3. In the case of purchased software, should the cost of the software be capitalized as a tangible asset or as an intangible asset, or should it be expensed fully and immediately ?

Referring to the provision of IAS 38, the above questions can be clarified as follows :

(1) In the case of a software-developing company, the costs incurred in the development of software programs are research and development costs. Accordingly, as regulates in para. 54 of IAS 38, all expenses incurred in the research phase would be expensed. That is, all expenses incurred before technological feasibility for the product has been established should be expensed. The reporting entity would have to demonstrate both technological feasibility and a probability of its commercial success.

Technological feasibility would be established if the entity has completed a detailed program design or working model. The entity should have completed the planning, designing, coding, and testing activities and established that the product can be successfully produced.

Apart from being capable of production, the entity should demonstrate that it has the intention and ability to use or sell the program. Action taken to obtain control over the program in the form of copyrights or patents would support capitalization of these costs. At this stage the software program would be able to meet the criteria of identifiability, control, and future economic benefits, and can thus be capitalized and amortized as an intangible asset.

(2) In the case of software internally developed for in-house use – for example, a computerized payroll program developed by the reporting entity itself – the accounting approach would be different. While the program developed may have some utility to the entity itself, it would be difficult to demonstrate how the program would generate future economic benefits to the entity. Also, in the absence of any legal rights to control the program or to prevent others from using it, the recognition criteria would not be met. Further, the cost proposed to be capitalized should be recoverable. In view of the impairment test prescribed by the standard, the carrying amount of the asset may not be recoverable and would accordingly have to be adjusted. Considering the above facts, such costs may need to be expensed.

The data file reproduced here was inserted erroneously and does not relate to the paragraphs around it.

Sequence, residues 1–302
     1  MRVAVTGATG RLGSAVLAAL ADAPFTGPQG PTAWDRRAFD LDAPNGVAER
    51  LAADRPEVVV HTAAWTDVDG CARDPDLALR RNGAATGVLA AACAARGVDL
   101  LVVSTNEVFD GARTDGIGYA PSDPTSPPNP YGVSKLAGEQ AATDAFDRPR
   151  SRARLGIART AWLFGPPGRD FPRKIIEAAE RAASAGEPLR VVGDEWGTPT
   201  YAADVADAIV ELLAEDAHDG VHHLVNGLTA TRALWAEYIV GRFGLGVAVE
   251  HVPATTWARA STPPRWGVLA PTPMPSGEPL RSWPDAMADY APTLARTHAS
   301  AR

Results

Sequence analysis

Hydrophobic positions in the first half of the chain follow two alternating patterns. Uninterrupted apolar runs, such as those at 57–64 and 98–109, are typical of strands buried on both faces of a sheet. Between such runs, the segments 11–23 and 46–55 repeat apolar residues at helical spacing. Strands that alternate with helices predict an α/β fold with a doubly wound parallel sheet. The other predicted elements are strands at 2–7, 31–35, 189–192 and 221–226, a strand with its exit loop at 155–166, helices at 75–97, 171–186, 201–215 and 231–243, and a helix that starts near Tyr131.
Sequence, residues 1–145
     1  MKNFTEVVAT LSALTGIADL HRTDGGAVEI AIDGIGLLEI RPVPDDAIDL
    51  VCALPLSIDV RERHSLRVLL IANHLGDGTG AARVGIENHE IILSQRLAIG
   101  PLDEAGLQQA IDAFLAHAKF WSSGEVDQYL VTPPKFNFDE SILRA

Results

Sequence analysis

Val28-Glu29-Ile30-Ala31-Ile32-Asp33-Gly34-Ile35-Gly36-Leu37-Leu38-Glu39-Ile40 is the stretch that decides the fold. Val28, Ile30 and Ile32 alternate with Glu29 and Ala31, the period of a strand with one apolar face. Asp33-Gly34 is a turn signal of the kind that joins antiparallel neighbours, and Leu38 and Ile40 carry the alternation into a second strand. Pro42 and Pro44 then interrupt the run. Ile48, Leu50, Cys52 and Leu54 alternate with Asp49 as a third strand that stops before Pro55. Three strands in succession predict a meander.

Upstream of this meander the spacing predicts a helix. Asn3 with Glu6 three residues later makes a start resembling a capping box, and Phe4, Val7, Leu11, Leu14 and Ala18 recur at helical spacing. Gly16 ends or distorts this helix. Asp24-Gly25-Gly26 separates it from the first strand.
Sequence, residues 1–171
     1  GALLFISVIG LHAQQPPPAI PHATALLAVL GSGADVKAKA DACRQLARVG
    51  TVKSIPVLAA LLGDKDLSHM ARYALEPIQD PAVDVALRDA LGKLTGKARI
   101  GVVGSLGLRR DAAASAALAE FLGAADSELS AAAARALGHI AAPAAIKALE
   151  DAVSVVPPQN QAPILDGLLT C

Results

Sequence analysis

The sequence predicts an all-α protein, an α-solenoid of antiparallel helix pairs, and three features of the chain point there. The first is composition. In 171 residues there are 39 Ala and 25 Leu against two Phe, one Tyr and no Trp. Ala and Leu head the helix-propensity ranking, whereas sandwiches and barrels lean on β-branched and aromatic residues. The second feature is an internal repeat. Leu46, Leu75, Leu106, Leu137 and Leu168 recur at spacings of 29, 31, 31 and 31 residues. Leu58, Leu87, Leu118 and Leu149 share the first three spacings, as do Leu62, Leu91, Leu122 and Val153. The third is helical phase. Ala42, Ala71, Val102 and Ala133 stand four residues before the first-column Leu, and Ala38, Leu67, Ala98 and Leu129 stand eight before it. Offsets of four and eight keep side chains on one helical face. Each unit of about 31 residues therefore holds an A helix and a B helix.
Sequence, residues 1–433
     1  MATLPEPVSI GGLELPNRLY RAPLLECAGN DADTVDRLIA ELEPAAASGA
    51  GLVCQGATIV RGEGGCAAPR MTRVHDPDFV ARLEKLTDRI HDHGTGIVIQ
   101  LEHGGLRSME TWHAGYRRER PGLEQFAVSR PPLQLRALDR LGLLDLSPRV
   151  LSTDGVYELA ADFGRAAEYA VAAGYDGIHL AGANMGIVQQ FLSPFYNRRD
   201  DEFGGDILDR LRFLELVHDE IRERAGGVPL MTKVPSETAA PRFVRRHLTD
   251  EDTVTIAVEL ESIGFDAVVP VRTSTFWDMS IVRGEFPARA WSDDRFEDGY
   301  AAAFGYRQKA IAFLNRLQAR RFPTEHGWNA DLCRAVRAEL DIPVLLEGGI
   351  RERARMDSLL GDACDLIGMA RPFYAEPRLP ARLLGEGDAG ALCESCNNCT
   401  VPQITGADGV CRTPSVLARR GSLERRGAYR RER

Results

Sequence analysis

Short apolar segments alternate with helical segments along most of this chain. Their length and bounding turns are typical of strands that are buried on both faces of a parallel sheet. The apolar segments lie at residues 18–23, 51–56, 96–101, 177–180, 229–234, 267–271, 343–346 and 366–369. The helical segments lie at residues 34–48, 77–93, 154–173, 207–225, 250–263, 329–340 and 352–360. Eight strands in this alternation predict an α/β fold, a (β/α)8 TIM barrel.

(3) In the case of purchased software, the treatment could differ and would need to be evaluated on a case-by-case basis. Software purchased for sale would be treated as inventory. However, software held for licensing or rental to others should be recognized as an intangible asset. On the other hand, cost of software purchased by an entity for its own use and which is integral to the hardware (because without that software the equipment cannot operate), would be treated as part of cost of the hardware and capitalized as property, plant, or equipment. Thus, the cost of an operating system purchased for an in-house computer, or cost of software purchased for computer-controlled machine tool, are treated as part of the related hardware.

The cost of other software programs should be treated as intangible assets (as opposed to being capitalized along with the related hardware), as they are not an integral part of the hardware. For example, the cost of payroll or inventory software (purchased) may be treated as an intangible asset provided it meets the capitalization criteria under IAS 38.

Source : IAS 38 Intangible Assets and Wiley – Interpretation and Application of IFRS, Barry J. Epstein and Eva K. Jermakowicz

Wednesday, August 4, 2010

The Death of LIFO Accounting ?

IAS 2 Inventories does not permit the use of the last-in, first-out (LIFO) formula to measure the cost of inventories of a company. This regulation has left the first-in, first-out (FIFO) and the weighted-average methods as the only two acceptable costing methods under IFRS.

In connection with the prohibition of LIFO formula, on July 15, 2010 published an article titled “Sucking the LIFO Out of Inventory”. Written by Marie Leone, Senior Editor of, this article described why companies still prefer LIFO method to measure the cost of inventories.

Here is the quotation from the article,

LIFO allows companies to calculate the cost of goods sold based on the price of the most recently purchased (“last-in”) inventory, rather than inventory that was purchased more cheaply in the past and has been sitting on the shelf. That boosts the cost of goods sold, which lowers profits – and, thus, taxable income. LIFO is particularly important to companies that have slow-moving inventory. Read further

The LIFO method has long been acceptable in the US for tax purposes, and, within the condition of rising prices, LIFO costing method resulted in lower reportable income and therefore in lower taxes.

Read also : Method of Inventory Costing under IAS 2